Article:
Abstract: Ionizing radiation is extensively used in medicine and its contribution to both diagnosis and therapy is undisputable. However, the use of ionizing radiation also involves a certain risk since it may cause damage to tissues and organs and trigger carcinogenesis. Computed tomography (CT) is currently one of the major contributors to the collective population radiation dose both because it is a relatively high dose examination and an increasing number of people are subjected to CT examinations many times during their lifetime. The evolution of CT scanner technology has greatly increased the clinical applications of CT and its availability throughout the world and made it a routine rather than a specialized examination. With the modern multislice CT scanners, fast volume scanning of the whole human body within less than 1 min is now feasible. Two dimensional images of superb quality can be reconstructed in every possible plane with respect to the patient axis (e.g. axial, sagital and coronal). Furthermore, three-dimensional images of all anatomic structures and organs can be produced with only minimal additional effort (e.g. skeleton, tracheobronchial tree, gastrointestinal system and cardiovascular system). All these applications, which are diagnostically valuable, also involve a significant radiation risk. Therefore, all medical professionals involved with CT, either as referring or examining medical doctors must be aware of the risks involved before they decide to prescribe or perform CT examinations. Ultimately, the final decision concerning justification for a prescribed CT examination lies upon the radiologist. In this paper, we summarize the basic information concerning the detrimental effects of ionizing radiation, as well as the CT dosimetry background. Furthermore, after a brief summary of the evolution of CT scanning, the current CT scanner technology and its special features with respect to patient doses are given in detail. Some numerical data is also given in order to comprehend the magnitude of the potential radiation risk involved in comparison with risk from exposure to natural background radiation levels.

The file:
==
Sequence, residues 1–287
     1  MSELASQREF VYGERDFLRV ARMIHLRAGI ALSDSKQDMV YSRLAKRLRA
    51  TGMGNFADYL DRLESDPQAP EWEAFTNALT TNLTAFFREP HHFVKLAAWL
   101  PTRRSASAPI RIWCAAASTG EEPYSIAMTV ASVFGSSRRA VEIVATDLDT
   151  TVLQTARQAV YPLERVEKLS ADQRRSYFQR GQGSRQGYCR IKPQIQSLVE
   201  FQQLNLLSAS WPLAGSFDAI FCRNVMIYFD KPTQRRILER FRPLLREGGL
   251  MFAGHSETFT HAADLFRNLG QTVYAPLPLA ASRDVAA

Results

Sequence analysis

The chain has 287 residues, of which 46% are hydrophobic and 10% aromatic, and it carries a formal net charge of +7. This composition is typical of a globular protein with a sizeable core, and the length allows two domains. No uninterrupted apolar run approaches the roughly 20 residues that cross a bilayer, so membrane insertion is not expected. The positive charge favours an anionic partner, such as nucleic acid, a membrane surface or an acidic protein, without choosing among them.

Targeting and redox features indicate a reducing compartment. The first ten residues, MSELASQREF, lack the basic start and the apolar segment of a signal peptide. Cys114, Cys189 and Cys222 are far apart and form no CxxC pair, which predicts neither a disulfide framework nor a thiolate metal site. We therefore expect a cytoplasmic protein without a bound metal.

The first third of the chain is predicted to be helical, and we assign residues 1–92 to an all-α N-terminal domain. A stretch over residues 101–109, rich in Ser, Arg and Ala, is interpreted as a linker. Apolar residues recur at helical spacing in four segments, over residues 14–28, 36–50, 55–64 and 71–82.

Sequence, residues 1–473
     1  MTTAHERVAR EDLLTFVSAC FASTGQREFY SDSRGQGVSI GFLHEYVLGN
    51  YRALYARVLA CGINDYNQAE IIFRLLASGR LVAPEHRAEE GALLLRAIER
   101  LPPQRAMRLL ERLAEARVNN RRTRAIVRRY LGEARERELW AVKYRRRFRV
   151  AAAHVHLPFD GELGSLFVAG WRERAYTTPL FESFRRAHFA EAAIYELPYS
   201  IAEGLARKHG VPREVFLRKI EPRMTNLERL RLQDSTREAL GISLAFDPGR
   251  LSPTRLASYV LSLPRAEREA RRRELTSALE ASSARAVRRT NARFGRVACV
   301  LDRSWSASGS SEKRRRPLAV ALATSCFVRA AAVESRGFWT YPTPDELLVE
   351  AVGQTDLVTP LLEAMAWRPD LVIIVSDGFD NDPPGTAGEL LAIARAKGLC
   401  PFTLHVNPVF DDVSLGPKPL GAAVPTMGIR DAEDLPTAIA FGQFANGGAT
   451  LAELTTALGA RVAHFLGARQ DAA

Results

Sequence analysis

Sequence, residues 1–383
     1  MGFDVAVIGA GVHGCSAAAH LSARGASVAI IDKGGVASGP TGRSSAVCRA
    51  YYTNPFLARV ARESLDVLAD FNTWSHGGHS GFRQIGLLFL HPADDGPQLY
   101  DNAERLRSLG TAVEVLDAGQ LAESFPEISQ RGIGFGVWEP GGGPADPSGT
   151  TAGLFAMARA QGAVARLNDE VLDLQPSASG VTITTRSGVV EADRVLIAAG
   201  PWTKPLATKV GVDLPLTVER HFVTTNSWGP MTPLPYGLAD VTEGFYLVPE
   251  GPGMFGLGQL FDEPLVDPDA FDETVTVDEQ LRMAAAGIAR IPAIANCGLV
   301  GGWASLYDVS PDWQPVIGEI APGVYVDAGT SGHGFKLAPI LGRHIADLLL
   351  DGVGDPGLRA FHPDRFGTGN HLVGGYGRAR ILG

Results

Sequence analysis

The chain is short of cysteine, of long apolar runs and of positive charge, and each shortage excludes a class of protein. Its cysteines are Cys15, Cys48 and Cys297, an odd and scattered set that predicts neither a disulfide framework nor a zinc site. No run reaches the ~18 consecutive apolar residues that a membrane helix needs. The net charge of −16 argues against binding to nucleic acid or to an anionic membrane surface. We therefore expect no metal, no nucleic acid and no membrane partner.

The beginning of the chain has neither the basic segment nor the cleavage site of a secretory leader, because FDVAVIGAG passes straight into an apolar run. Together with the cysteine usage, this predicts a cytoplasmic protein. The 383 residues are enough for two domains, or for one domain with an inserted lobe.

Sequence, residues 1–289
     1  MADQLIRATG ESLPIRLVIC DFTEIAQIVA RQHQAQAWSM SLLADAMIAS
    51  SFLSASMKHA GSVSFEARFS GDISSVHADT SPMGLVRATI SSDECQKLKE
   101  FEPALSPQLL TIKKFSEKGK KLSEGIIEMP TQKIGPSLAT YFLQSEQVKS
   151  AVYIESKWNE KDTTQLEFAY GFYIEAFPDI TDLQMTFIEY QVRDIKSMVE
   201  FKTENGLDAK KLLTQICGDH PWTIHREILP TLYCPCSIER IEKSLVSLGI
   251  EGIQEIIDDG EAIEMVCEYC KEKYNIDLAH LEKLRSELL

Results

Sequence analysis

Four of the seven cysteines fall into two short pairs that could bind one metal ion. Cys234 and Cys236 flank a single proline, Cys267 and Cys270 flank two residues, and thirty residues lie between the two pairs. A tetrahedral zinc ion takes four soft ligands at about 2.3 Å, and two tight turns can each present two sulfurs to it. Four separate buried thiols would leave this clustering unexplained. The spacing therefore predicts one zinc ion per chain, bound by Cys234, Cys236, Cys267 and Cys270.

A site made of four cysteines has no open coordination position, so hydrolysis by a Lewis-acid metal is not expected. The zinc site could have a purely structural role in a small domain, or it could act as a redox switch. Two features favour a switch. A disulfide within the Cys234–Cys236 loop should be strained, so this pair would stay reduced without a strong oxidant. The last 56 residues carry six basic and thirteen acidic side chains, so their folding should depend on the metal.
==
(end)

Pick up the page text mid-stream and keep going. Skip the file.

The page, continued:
Computed Tomography (CT) Perfusion in Abdominal Cancer: Technical Aspects  [PDF]
Martin Lundsgaard Hansen,Rikke Norling,Carsten Lauridsen,Eva Fallentin,Lene B?ksgaard,Klaus Fuglsang Kofoed,Lars Bo Svendsen,Michael Bachmann Nielsen
Diagnostics , 2013, DOI: 10.3390/diagnostics3020261
Abstract: Computed Tomography (CT) Perfusion is an evolving method to visualize perfusion in organs and tissue. With the introduction of multidetector CT scanners, it is now possible to cover up to 16 cm in one rotation, and thereby making it possible to scan entire organs such as the liver with a fixed table position. Advances in reconstruction algorithms make it possible to reduce the radiation dose for each examination to acceptable levels. Regarding abdominal imaging, CT perfusion is still considered a research tool, but several studies have proven it as a reliable non-invasive technique for assessment of vascularity. CT perfusion has also been used for tumor characterization, staging of disease, response evaluation of newer drugs targeted towards angiogenesis and as a method for early detection of recurrence after radiation and embolization. There are several software solutions available on the market today based on different perfusion algorithms. However, there is no consensus on which protocol and algorithm to use for specific organs. In this article, the authors give an introduction to CT perfusion in abdominal imaging introducing technical aspects for calculation of perfusion parameters, and considerations on patient preparation. This article also contains clinical cases to illustrate the use of CT perfusion in abdominal imaging.
The Effects of Computed Tomography with Iterative Reconstruction on Solid Pulmonary Nodule Volume Quantification  [PDF]
Martin J. Willemink, Jaap Borstlap, Richard A. P. Takx, Arnold M. R. Schilham, Tim Leiner, Ricardo P. J. Budde, Pim A. de Jong
PLOS ONE , 2013, DOI: 10.1371/journal.pone.0058053